Teaming up with Jo Nova to answer The Team down under: “Professor Sherwood is inverting the scientific method”
Guest post by Alec Rawls
My leak of the draft IPCC report emphasized the chapter 7 admission of strong evidence for solar forcing beyond the very slight variance in solar irradiance, even if we don’t know the mechanism:
The forcing from changes in total solar irradiance alone does not seem to account for these observations, implying the existence of an amplifying mechanism such as the hypothesized GCR-cloud link.
One of the fifteen lead authors of chapter 7 responded that the evidence for one of the proposed mechanisms of solar amplification, GCR-cloud, indicates a weak effect, and proceeded as if this obviated the IPCC’s admission that some such mechanism must be having a substantial effect:
[Professor Steven Sherwood] says the idea that the chapter he authored confirms a greater role for solar and other cosmic rays in global warming is “ridiculous”.
“I’m sure you could go and read those paragraphs yourself and the summary of it and see that we conclude exactly the opposite – that this cosmic ray effect that the paragraph is discussing appears to be negligible,” he told PM.
Sherwood uses theory—his dissatisfaction with one theory of how solar amplification might work—to ignore the (admitted) evidence for some mechanism of solar amplification. Putting theory over evidence is not science. It is the exact definitional opposite of science (see Feynman snippet above).
Since Sherwood is Australian, it seemed a visit Down Under was due, so Jo Nova and I teamed up to issue a reply on her website.
Jo knows Sherwood
Here is Jo Nova’s take on Sherwood’s shenanigans:
The IPCC are now adding citations of critics (so they can’t be accused of ignoring them completely), but they bury the importance of those studies under glorious graphic art, ponderous bureacrat-speak, and contradictory conclusions.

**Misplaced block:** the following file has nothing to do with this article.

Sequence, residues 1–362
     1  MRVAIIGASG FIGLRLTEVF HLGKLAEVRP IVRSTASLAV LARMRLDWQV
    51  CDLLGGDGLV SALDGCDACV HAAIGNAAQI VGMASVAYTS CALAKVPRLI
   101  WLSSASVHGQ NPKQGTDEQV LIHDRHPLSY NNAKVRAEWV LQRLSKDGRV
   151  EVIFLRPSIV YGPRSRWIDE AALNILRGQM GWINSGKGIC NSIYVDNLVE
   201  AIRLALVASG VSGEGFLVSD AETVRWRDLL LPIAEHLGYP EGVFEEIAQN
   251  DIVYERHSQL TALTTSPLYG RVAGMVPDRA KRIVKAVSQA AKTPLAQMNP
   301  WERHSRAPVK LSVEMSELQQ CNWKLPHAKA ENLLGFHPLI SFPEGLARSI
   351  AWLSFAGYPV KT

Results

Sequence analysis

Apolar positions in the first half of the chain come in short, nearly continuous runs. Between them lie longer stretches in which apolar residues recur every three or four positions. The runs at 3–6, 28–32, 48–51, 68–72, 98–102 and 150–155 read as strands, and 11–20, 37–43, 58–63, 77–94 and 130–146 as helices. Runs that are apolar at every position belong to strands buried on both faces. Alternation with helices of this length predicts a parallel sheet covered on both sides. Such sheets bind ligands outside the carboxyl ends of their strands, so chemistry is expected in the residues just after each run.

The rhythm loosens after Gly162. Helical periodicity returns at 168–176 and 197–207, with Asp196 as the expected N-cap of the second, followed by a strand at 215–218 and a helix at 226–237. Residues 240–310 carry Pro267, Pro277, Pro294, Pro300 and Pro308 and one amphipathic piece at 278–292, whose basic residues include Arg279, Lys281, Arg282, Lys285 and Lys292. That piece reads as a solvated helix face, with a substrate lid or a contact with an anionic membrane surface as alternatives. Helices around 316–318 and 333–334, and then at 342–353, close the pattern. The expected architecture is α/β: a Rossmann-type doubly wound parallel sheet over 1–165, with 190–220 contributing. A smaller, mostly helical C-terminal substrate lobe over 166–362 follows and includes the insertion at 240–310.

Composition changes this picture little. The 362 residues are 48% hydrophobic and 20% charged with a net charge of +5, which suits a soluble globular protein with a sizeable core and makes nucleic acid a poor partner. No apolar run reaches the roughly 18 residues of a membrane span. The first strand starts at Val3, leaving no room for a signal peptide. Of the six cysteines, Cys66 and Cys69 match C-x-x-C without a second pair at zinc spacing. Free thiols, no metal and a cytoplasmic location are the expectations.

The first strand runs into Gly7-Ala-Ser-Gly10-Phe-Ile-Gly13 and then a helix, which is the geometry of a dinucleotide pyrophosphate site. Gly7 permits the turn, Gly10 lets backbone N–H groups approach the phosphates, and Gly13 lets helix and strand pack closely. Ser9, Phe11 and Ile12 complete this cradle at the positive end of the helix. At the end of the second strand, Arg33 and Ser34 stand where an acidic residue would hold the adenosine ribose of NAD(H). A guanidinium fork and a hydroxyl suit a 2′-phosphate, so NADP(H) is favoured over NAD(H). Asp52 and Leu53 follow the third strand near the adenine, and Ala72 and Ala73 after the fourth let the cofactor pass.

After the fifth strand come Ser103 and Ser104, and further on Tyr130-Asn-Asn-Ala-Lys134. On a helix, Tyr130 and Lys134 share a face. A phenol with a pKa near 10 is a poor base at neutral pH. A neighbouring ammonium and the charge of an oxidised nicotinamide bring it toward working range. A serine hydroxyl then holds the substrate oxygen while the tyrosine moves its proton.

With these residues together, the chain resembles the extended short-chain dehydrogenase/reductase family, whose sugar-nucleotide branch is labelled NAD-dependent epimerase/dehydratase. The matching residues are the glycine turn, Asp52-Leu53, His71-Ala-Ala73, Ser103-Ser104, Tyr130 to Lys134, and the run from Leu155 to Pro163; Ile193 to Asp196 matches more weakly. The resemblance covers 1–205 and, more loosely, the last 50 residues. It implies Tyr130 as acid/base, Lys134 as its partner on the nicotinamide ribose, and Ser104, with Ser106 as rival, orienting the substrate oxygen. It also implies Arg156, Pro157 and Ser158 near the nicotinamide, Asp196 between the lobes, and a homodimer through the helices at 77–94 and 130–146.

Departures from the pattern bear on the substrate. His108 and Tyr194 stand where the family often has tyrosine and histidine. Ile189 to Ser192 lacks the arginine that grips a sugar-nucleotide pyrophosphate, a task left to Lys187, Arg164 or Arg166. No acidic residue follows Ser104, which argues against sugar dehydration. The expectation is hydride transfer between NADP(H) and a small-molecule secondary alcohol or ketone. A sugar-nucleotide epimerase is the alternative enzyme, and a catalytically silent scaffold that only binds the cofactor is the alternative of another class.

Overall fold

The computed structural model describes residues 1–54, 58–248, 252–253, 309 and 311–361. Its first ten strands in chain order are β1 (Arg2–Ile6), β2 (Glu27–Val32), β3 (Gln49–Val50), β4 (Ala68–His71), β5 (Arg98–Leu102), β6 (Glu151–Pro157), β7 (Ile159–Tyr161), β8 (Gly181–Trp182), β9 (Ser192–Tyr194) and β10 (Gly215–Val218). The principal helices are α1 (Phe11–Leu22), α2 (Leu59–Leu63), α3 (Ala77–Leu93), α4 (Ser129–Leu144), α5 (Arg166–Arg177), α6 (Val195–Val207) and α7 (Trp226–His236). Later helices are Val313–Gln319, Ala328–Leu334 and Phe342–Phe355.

When skeptics point out that the IPCC admit (in a hidden draft) that the solar magnetic effect could change the climate on Earth, the so-called Professors of Science hit back — but not with evidence from the atmosphere, but with evidence from other paragraphs in a committee report. It’s argument from authority, it’s a logical fallacy that no Professor of Science should ever make. Just because other parts of a biased committee report continue to deny the evidence does not neutralize the real evidence.
Alec Rawls pulls him up. Sherwood calls us deniers, but the IPCC still denies solar-magnetic effects that have been known for 200 years. This anti-science response is no surprise from Sherwood, who once changed the colour of “zero” to red to make it match the color the models were supposed to find. (Since when was red the color of no-warming? Sure you can do it, but it is deceptive.) That effort still remains one of the most egregious peer reviewed distortions of science I have ever seen. — Jo
Earlier this week Nova posted about Sherwood’s glowing support for recent claims that the IPCC’s predictions of global warming have been accurate. Obviously Sherwood needs to take a closer look at the Second Order Draft which, in particular the following graph (SOD figure 1.4 on page 1-39, with a hat tip to Anthony):
Absolutely NOT falsified says Sherwood, but guess what he thinks IS falsified?
Steve Sherwood, Co-Director, Climate Change Research Centre at the University of New South Wales said the paper showed “that if you take natural year-to-year variability into account in any reasonable way, the predictions are as close as one could reasonably expect.”
“Those who have been claiming ad nauseum that the climate models have been proved wrong, should read this paper, even though for most of us it is not very surprising,” said Dr Sherwood, who was not involved in the Nature Climate Change paper.
“Though there is no contrarian analogue to the IPCC, individual contrarians have made predictions over a similar time frame that the warming would stop or reverse. The data since then have probably falsified many of those predictions (which the deniers continue to make today).”
Predictions that warming would stop have been falsified? By what? By the fact that, according to HadCRUT4, there has been no statistically significant warming for 16 years? Falsification in Steve Sherwood’s dictionary: “whatever preserves Steve Sherwood’s presumptions.” Just what we’d expect from a definitional anti-scientist.
My own response to Sherwood gets into the back-story on the Second Order Draft. Readers might be interested to know that the SOD admission of substantial evidence for solar amplification seems to be in response to my submitted comments on the FOD. I had charged them with, you guessed it, inverting the scientific method. That’s why Sherwood, in pretending that the new admission never happened, is also inverting the scientific method. He’s reverting to the FOD position. Well, some of his co-authors are apparently not willing to go there any more, and hopefully they will speak out.
My guest post at Jo Nova’s:
Professor Steven Sherwood inverts the scientific method: he is an exact definitional anti-scientist